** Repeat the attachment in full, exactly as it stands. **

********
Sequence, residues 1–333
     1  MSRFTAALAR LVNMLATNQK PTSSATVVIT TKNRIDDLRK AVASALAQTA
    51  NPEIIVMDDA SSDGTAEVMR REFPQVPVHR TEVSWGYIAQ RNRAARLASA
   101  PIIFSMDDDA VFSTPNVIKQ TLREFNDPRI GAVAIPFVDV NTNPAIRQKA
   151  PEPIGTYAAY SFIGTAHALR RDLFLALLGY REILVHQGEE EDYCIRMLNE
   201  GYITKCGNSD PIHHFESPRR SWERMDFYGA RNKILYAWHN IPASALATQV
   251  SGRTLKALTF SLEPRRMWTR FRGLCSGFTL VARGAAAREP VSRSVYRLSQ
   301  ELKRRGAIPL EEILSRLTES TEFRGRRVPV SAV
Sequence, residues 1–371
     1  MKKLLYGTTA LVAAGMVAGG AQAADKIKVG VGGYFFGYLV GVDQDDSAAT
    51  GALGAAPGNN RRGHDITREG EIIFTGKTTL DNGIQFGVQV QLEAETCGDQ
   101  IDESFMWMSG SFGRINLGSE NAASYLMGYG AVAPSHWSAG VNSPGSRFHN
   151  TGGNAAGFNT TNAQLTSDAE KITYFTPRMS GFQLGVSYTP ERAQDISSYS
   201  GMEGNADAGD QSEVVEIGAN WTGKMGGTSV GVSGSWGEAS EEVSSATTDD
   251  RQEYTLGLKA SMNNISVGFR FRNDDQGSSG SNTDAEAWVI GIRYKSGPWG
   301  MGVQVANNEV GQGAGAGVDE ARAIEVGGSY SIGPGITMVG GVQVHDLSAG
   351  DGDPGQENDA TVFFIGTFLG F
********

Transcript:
Sequence, residues 1–333
     1  MSRFTAALAR LVNMLATNQK PTSSATVVIT TKNRIDDLRK AVASALAQTA
    51  NPEIIVMDDA SSDGTAEVMR REFPQVPVHR TEVSWGYIAQ RNRAARLASA
   101  PIIFSMDDDA VFSTPNVIKQ TLREFNDPRI GAVAIPFVDV NTNPAIRQKA
   151  PEPIGTYAAY SFIGTAHALR RDLFLALLGY REILVHQGEE EDYCIRMLNE
   201  GYITKCGNSD PIHHFESPRR SWERMDFYGA RNKILYAWHN IPASALATQV
   251  SGRTLKALTF SLEPRRMWTR FRGLCSGFTL VARGAAAREP VSRSVYRLSQ
   301  ELKRRGAIPL EEILSRLTES TEFRGRRVPV SAV
Sequence, residues 1–371
     1  MKKLLYGTTA LVAAGMVAGG AQAADKIKVG VGGYFFGYLV GVDQDDSAAT
    51  GALGAAPGNN RRGHDITREG EIIFTGKTTL DNGIQFGVQV QLEAETCGDQ
   101  IDESFMWMSG SFGRINLGSE NAASYLMGYG AVAPSHWSAG VNSPGSRFHN
   151  TGGNAAGFNT TNAQLTSDAE KITYFTPRMS GFQLGVSYTP ERAQDISSYS
   201  GMEGNADAGD QSEVVEIGAN WTGKMGGTSV GVSGSWGEAS EEVSSATTDD
   251  RQEYTLGLKA SMNNISVGFR FRNDDQGSSG SNTDAEAWVI GIRYKSGPWG
   301  MGVQVANNEV GQGAGAGVDE ARAIEVGGSY SIGPGITMVG GVQVHDLSAG
   351  DGDPGQENDA TVFFIGTFLG F